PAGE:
|01 April, 2019

Takaful operators underpin growth in UAE insurance market

Increase in gross written premiums by Islamic firms counters a decline from conventional players

Stock Market Exchange on a skyscraper in dubai background

Stock Market Exchange on a skyscraper in dubai background

Getty Images/ aiqingwang

The insurance market in the United Arab Emirates (UAE) continued to grow last year, but only as a result of growth in the Islamic insurance (takaful) market, according to consultancy firm Miliman.

Presenting the findings of the firm’s UAE Insurance Industry report at the World Takaful and Insurtech conference in Dubai on Monday, Safder Jaffer, managing director and principal of Miliman, said that gross written premiums of the 30 publicly-listed conventional and Islamic insurance firms edged up marginally by 0.5 percent to 21.9 billion UAE dirhams ($5.96 billion) in 2018, up from 21.8 billion dirhams in 2017.

“But looking at conventional versus takaful, that 0.5 percent growth would not have been there - it would have been negative had it not been for the takaful industry,” Jaffer said.

He said that total gross written premiums from takaful firms increased by 6 percent to 3.7 billion dirhams, up from 3.5 billion dirhams in 2017.

Takaful firms also managed to remain profitable in 2018, for the second year in a row, bolstered by earlier changes setting minimum pricing for motor insurance and the Dubai Health Authority’s introduction of mandatory insurance for workers in the emirate.

Overall market profitability for listed takaful firms in the UAE declined by 6 percent to 134 million dirhams, Jaffer said, which was in contrast to the 8.5 percent net profit growth achieved by conventional firms, to almost 1.4 billion dirhams.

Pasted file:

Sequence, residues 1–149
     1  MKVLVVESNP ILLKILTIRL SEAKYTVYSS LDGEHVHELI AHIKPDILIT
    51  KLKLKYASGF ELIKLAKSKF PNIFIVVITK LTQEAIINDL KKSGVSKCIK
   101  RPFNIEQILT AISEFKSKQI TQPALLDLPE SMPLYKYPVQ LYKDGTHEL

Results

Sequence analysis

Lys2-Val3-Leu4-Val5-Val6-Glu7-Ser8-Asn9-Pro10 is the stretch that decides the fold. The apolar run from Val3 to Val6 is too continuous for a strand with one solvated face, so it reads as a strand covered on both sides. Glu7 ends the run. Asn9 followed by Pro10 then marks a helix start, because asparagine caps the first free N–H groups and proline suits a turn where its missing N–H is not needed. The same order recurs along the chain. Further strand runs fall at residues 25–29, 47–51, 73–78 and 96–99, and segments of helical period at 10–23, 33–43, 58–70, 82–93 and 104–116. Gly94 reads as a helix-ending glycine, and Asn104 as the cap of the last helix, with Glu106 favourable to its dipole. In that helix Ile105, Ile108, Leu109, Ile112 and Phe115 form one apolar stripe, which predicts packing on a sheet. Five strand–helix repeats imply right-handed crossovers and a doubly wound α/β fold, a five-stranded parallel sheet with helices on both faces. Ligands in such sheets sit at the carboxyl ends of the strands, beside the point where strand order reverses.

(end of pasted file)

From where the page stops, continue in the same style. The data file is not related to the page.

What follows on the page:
Islamic insurance firms still enjoyed a slightly higher return on equity, though. Jaffer said takaful firms saw return on equity nudge higher to 10 percent, up from 9 percent in 2017, but overall return on equity for the 30 conventional and Islamic firms stood at 8.4 percent last year – a marginal increase on the 8 percent achieved in 2017.

Jaffer told the event that takaful firms still face a number of challenges, such as a heavy reliance on motor and medical revenues, a lack of differentiation in terms of products with conventional insurers, a lack of skills and a crowded marketplace with “too many players out there”.

“There's been a lot of activities in the market across the region, but no major development as far as M&A is concerned,” he said.

Jaffer said that the total size of the takaful market stood at around $20 billion globally, with Saudi Arabia generating around $10 billion of this and the UAE a further $3-3.5 billion.

In a keynote address to the same conference, Abdulla Mohammed Al Awar, CEO of the Dubai Islamic Economy Development Centre (DIEDC), said that although there were around 324 takaful operators globally, “if you probe a little more you will realise that the size is still very small compared to the Islamic finance industry”.

The State of the Dubai Islamic Economy 2018/19 report published jointly by DIEDC and Thomson Reuters in October last year put the overall size of the Islamic Finance market at $2.44 trillion.

“There is a lot of room for growth in this sector,” Al Awar said.

(Reporting by Michael Fahy; Editing by Mily Chakrabarty)

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